Phnom Bakheng: 6 Oct 2003
  It is a testimony to the love of symmetry and balance which evolved its style... in pure simplicity of rectangles, its beauty is achieved. It is a pyramid mounting in terraces, five of them... below Bakheng lies all the world of mystery, the world of the Khmer, more mysterious than ever under its cover of impenetrable verdure.  


A New Beginning

Also known as the "first Angkor", Bakheng was the first major temple to be constructed in the Angkor area, and it marked the move of the capital of the Khmer empire from Roluos to Angkor in the late 9th century.


Opened Doors

Soon after Yasovarman I became king in 889 AD, he decided to move the capital from Roluos to the area known today as Angkor. He named his new capital Yasodharapura, and built Bakheng to be his state temple at the center of this new capital.


World Beyond

Today the ancient city of Yasodharapura is barely distinguishable to visitors. It was vast, even larger than Angkor Thom. A square wall, each side of which was 4 km long surrounded the city, enclosing an area of some 16 square km. The natural hill of Phnom Bakheng is in the center of the site.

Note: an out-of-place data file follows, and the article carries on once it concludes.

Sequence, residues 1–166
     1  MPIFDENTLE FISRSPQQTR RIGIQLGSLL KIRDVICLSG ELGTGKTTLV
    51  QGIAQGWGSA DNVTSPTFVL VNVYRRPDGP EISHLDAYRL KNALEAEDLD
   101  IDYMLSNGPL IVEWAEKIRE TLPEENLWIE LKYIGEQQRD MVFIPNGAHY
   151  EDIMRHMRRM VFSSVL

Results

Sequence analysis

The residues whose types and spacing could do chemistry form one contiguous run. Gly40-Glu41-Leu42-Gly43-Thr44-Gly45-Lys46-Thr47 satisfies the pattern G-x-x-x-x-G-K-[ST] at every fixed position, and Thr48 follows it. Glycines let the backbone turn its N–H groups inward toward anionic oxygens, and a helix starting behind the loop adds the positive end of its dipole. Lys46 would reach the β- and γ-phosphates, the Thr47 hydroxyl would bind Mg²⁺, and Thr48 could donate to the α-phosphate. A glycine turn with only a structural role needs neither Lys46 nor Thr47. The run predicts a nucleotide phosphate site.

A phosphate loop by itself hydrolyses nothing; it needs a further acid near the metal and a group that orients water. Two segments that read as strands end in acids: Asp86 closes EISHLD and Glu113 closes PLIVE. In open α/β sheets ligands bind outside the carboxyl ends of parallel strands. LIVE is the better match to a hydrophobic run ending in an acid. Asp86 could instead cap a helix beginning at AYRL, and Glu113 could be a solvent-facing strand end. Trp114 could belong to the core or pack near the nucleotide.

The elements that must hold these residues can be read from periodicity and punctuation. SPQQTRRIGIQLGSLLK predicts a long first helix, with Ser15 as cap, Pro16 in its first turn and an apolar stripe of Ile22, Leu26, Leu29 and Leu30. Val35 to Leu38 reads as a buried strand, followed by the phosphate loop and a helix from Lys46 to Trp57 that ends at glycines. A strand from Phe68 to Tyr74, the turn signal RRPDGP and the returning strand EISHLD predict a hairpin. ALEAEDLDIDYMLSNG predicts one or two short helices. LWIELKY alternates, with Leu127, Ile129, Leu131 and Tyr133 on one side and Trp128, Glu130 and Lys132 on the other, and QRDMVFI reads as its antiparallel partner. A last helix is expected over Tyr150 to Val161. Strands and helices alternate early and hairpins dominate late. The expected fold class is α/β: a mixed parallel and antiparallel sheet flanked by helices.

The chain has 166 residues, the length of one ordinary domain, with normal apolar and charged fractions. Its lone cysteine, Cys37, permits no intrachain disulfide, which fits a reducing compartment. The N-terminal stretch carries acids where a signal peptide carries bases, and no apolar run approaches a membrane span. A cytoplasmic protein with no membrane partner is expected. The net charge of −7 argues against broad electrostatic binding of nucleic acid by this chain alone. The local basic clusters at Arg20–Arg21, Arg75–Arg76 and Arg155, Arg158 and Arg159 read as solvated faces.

Masonry Miracle

The foundations of Bakheng was carved from the existing rock edifice that formed the natural hill, rather than the laterite and earthfill of most other temples.


Steep Steps

Bakheng was a replica of Mount Meru and the number of towers suggests a cosmic symbolism. The seven levels (ground, five tiers, upper terrace) of the monument represents the seven heavens of Indra in Hindu mythology.


Temple Mountain

108 towers were evenly spaced around the tiers with the central sanctuary at the apex of the temple complex. The numerology of the 108 towers symbolises the 4 lunar phases with 27 days in each phase. The arrangement allows for only 33 of the towers to be seen from each side, a figure that corresponds with the number of Hindu deities. Today, most of these towers have collapsed.



"Every haunted corner of Angkor shares in the general mystery of the Khmers, and here the shadows seem to lie a little deeper, for this hill is like nothing else in the region"


King of the Jungle

Sadly, the main attraction of Phnom Bakheng today is the sunset view of Angkor Wat rather than it's historical significance. Inevitably the whole affair has turned into something of a circus, with crowds of tourist gasping up the steep hill slopes, pestered all the way by nimble-footed soft drink and souvenir vendors. One can even take an elephant ride up the hill.



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